International Women's Day: Dinny Hall

Q&A with jewellery designer and founder, Dinny Hall.

Tell us about your role and your business…

I've been running the whole show since leaving Central Saint Martins in 1984, that's when Liberty London bought an entire collection from my degree showcase. Of course, then it was just me, but pretty quickly I needed help and my role gradually morphed from being a graduate who designed and made her own jewellery to a jewellery designer at the forefront of a business. I am still a jewellery designer at the helm of the London jewellery brand Dinny Hall! 


Tell us about your career journey so far. 

From a studio in Soho’s Beak Street designing jewellery for the catwalks of London and New York and gracing the pages and covers of Vogue and Harper’s Bazaar, to opening our flagship store in Notting Hill in 1992. There began my journey into becoming a retailer and designing jewellery with more of a lifestyle vision in mind. I now have five jewellery boutiques around London and a concession at the great London department store Liberty London. 


Have you faced any obstacles you’ve had to overcome in your business?

Just being a woman in business during the mid to late 1980's and 90’s was an obstacle in itself! In a fast-changing world where competition encroaches, staying relevant is challenging but I enjoy reinvention. In the end, it is the passion I have for what I do that has seen me through the best of times and the worst of times.


Which women have inspired you most throughout your life? 

Elsa Perretti for her singularly inspired jewellery for Tiffany's in the 1970's - she invented the still fashionable ‘less is more’ everyday luxury jewellery made from silver, gold and diamonds. Josephine Baker for her style, bravery, breaking boundaries, and using her talent and fame to try to better the world. Christine Lagard, the first woman at the head of the IMF, broke many glass ceilings in both politics. My friend the author Liz Fremantle who has always been there to share the chequered paths we both have taken.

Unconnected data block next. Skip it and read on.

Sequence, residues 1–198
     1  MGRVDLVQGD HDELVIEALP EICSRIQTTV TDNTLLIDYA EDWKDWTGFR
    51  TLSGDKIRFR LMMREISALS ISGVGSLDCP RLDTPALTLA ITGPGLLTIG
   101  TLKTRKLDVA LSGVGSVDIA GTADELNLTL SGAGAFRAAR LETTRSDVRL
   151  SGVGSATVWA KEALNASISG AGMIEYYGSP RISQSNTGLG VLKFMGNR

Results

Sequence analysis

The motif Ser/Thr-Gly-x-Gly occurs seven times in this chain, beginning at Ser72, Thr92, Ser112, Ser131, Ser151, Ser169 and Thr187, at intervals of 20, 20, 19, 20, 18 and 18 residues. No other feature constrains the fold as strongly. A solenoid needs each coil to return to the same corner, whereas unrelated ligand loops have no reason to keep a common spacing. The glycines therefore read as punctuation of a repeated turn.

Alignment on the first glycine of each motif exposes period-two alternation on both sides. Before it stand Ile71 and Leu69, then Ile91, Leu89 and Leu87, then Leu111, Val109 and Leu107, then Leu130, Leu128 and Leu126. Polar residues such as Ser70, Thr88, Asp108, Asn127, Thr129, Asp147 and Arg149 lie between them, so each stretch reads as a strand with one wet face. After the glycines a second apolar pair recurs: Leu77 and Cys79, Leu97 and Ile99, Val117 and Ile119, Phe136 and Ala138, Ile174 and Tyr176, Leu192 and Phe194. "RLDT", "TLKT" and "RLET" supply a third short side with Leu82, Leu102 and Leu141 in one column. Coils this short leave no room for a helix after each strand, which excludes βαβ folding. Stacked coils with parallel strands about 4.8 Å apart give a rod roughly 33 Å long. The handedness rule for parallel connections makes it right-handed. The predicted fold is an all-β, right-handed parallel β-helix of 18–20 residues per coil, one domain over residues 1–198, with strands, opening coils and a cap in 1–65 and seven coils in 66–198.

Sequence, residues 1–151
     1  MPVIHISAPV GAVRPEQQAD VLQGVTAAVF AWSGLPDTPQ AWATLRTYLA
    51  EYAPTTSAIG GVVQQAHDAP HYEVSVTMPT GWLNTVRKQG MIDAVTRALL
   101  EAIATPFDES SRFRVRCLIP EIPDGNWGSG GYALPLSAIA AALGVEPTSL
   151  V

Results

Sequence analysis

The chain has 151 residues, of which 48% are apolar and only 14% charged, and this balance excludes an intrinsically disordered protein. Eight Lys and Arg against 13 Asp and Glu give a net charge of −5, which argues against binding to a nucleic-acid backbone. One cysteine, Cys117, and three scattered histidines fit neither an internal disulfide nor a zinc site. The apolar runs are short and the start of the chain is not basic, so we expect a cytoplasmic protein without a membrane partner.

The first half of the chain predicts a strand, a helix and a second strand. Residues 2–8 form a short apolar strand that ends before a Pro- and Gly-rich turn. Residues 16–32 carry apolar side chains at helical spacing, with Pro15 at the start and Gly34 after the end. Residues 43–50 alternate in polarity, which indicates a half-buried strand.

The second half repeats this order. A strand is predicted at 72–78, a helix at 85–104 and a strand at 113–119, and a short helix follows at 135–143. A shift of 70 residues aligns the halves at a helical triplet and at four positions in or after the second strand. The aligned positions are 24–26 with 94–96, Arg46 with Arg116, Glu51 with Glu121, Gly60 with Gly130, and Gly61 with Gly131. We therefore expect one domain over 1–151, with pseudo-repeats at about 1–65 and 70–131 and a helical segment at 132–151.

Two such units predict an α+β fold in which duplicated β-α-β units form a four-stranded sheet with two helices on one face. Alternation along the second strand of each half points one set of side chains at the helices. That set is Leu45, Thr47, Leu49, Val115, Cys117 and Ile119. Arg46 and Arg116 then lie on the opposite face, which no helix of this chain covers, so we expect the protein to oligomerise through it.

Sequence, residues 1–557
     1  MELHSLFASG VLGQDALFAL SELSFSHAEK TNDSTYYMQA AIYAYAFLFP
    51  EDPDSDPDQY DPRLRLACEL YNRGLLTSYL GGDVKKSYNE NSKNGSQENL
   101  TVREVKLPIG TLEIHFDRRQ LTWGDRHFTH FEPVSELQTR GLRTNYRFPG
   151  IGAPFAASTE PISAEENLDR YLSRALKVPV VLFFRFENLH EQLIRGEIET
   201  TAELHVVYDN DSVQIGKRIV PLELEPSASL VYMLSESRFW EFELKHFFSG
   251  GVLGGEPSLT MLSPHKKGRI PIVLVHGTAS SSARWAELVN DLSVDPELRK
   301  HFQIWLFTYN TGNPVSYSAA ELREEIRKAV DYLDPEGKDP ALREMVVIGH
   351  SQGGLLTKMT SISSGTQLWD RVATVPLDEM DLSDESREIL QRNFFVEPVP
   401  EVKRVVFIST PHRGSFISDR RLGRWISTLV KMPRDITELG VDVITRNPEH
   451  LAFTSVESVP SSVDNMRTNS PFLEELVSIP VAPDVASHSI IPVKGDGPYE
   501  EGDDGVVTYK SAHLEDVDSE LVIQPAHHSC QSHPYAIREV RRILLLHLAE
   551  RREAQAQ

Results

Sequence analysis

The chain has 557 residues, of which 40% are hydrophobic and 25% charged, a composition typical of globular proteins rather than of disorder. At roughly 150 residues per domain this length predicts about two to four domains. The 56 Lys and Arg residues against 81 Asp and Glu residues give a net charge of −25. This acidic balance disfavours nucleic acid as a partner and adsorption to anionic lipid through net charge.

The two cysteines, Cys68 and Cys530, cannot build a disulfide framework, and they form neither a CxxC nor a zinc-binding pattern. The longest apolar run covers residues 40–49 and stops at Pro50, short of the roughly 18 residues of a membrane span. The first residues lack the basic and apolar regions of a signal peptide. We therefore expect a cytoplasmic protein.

What made you choose Marylebone Village as a destination for your restaurant/store? 

As a student, I used to buy buttons from The Button Queen on Marylebone Lane, sewing them onto second-hand jackets to make them look special. Even back then I thought it was a great place to have a jewellery boutique. Marylebone Lane is the village ​in the heart of London - all we need is a candlestick maker. (My shop used to be a sausage shop by the way!)


What inspired you to create the Suffragette collection?

My sister had volunteered for Women’s Aid and inspired me to come up with a collection where we could donate to them. Also, a political journalist friend of mine founded the Women’s Equality Party, and at the same time, another friend produced the film ‘Suffragette’ - it all began from there about seven years ago.


Why is the Suffragette collection important to you? 

Those remarkable women who got us the vote over a hundred years ago risked their lives for us, and paved the way for the semblance of equality we have in 2024. I also happen to love the colours they chose: Violet for dignity, Green for hope and White for purity. 


Do you have any tips on how to run a successful business? 

There are times when you think you’ve got nothing left in reserve to keep going, but you’ll have to be able to dig deeper than you can ever imagine. On top of this and most importantly, is that you must learn what it is to be a good leader - that being able to be humble is as important as being in charge.


What is your favourite song to make you feel empowered?  

A bit cliched- ‘I Will Survive’ by Gloria Gaynor